Just days after the announcement that his cancer had returned, the film critic and scriptwriter Roger Ebert has died. He was 70 years old.
Probably the world's most famous film critic, Ebert was best known for his work at the Chicago Sun Times and for his partnership with Gene Siskel, who died in 1999. He was also the author of several books, including a popular memoir, and he wrote a number of screenplays, winning acclaim for Beyond The Valley Of The Dolls, a product of his longstanding friendship with sexploitation guru Russ Meyer. Sharp and witty, Ebert was alo known for his compassion. He was always outspoken about politics and was an early supporter of Barack Obama, long before the latter's presidential campaign. The proud winner of a Pulitzer Prize, he alo has a star on the Hollywood Walk of Fame.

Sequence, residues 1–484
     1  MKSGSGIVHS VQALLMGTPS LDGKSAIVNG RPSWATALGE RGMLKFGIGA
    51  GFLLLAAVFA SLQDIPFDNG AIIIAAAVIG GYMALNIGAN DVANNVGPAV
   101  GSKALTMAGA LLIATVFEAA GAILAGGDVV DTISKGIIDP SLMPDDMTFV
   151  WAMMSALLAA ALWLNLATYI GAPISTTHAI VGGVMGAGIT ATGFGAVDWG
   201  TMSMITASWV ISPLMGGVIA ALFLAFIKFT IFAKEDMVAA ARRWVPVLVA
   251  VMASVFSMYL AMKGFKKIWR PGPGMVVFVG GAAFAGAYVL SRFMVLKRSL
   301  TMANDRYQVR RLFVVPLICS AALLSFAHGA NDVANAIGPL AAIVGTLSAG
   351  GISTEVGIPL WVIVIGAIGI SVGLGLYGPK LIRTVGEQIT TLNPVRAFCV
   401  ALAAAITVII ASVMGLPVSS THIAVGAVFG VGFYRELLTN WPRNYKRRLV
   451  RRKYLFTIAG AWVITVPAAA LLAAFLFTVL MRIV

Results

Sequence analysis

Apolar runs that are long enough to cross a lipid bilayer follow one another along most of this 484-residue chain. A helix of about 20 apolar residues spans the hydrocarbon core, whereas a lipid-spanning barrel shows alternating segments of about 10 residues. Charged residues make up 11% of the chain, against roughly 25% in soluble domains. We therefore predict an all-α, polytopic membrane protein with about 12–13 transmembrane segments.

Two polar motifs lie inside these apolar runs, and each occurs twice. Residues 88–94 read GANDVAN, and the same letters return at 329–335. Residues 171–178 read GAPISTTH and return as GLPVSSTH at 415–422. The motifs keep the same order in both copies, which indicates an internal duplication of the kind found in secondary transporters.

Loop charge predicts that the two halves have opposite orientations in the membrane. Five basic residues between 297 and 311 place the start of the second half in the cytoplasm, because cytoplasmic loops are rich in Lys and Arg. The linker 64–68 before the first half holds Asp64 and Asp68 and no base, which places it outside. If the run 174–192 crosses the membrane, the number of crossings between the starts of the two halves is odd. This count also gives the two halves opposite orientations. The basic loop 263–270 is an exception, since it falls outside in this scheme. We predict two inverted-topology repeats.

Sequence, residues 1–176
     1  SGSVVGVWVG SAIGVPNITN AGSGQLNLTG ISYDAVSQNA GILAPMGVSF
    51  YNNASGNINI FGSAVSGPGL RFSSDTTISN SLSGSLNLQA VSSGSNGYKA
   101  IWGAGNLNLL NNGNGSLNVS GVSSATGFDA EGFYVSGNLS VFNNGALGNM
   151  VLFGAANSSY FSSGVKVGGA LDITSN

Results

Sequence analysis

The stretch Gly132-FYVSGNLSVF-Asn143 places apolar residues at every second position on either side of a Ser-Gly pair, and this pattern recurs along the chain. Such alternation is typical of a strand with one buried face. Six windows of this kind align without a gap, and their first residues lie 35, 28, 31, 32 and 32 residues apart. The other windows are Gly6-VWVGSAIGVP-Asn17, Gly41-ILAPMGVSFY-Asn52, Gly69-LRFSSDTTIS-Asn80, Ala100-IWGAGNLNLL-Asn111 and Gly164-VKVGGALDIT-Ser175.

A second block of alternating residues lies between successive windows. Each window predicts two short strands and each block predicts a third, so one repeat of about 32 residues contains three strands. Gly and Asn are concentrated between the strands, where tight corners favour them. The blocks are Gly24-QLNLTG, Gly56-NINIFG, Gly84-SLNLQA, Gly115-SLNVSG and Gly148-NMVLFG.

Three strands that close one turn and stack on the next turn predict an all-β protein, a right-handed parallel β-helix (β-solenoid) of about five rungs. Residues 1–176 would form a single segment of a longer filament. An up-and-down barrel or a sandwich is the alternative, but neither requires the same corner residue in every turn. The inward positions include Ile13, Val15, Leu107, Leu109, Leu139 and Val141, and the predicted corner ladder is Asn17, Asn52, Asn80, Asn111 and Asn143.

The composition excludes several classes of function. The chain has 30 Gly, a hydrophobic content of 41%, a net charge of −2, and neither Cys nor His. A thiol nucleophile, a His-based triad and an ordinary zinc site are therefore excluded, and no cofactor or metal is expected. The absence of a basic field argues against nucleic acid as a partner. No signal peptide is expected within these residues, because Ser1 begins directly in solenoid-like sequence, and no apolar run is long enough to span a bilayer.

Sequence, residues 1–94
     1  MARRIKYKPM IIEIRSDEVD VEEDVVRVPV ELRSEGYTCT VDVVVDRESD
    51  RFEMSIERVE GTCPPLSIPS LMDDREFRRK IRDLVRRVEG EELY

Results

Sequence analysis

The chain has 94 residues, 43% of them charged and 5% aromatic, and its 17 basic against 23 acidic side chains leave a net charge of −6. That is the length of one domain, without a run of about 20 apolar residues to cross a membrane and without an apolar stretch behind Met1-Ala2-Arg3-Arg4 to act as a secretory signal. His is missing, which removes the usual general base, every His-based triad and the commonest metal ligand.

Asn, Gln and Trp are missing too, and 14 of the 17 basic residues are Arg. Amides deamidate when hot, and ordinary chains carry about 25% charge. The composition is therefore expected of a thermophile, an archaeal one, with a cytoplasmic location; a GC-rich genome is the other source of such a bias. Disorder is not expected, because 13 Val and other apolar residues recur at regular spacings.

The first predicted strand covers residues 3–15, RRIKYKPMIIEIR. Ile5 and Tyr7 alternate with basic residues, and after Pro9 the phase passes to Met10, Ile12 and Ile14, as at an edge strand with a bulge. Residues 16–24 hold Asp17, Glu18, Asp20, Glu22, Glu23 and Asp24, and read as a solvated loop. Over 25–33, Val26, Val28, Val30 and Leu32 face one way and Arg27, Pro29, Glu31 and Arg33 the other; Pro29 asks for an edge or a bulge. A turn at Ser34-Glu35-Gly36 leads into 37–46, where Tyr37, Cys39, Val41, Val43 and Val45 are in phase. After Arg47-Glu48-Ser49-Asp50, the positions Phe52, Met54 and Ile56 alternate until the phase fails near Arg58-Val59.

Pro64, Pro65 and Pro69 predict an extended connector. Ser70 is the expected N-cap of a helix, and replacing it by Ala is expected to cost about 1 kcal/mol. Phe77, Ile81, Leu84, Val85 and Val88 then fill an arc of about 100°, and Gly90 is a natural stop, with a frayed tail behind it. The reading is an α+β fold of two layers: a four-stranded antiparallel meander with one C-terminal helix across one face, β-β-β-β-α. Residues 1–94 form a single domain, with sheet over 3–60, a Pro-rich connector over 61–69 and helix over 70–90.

A few days ago, Ebert announced that the cancer that claimed part of his jaw in 2006, leaving him unable to speak, had returned in his hip. He planned to enter semi-retirement, reviewing only films he liked and leaving the rest to a carefully recruited team of younger critics. He is survived by his wife Chaz, who recently announced the development of a new project, Ebert Digital, soon to be unveiled in full.